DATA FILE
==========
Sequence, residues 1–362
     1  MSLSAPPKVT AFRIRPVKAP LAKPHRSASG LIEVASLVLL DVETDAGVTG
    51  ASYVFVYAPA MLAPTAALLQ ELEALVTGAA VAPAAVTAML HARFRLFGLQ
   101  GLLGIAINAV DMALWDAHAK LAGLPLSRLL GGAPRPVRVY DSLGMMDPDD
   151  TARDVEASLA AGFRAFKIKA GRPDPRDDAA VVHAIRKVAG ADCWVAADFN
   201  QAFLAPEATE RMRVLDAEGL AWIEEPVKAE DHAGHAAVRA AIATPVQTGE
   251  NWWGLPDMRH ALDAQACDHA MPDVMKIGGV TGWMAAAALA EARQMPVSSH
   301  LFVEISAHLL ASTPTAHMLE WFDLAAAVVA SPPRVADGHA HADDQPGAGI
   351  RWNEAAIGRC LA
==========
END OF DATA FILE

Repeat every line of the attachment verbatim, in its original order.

Sequence, residues 1–362
     1  MSLSAPPKVT AFRIRPVKAP LAKPHRSASG LIEVASLVLL DVETDAGVTG
    51  ASYVFVYAPA MLAPTAALLQ ELEALVTGAA VAPAAVTAML HARFRLFGLQ
   101  GLLGIAINAV DMALWDAHAK LAGLPLSRLL GGAPRPVRVY DSLGMMDPDD
   151  TARDVEASLA AGFRAFKIKA GRPDPRDDAA VVHAIRKVAG ADCWVAADFN
   201  QAFLAPEATE RMRVLDAEGL AWIEEPVKAE DHAGHAAVRA AIATPVQTGE
   251  NWWGLPDMRH ALDAQACDHA MPDVMKIGGV TGWMAAAALA EARQMPVSSH
   301  LFVEISAHLL ASTPTAHMLE WFDLAAAVVA SPPRVADGHA HADDQPGAGI
   351  RWNEAAIGRC LA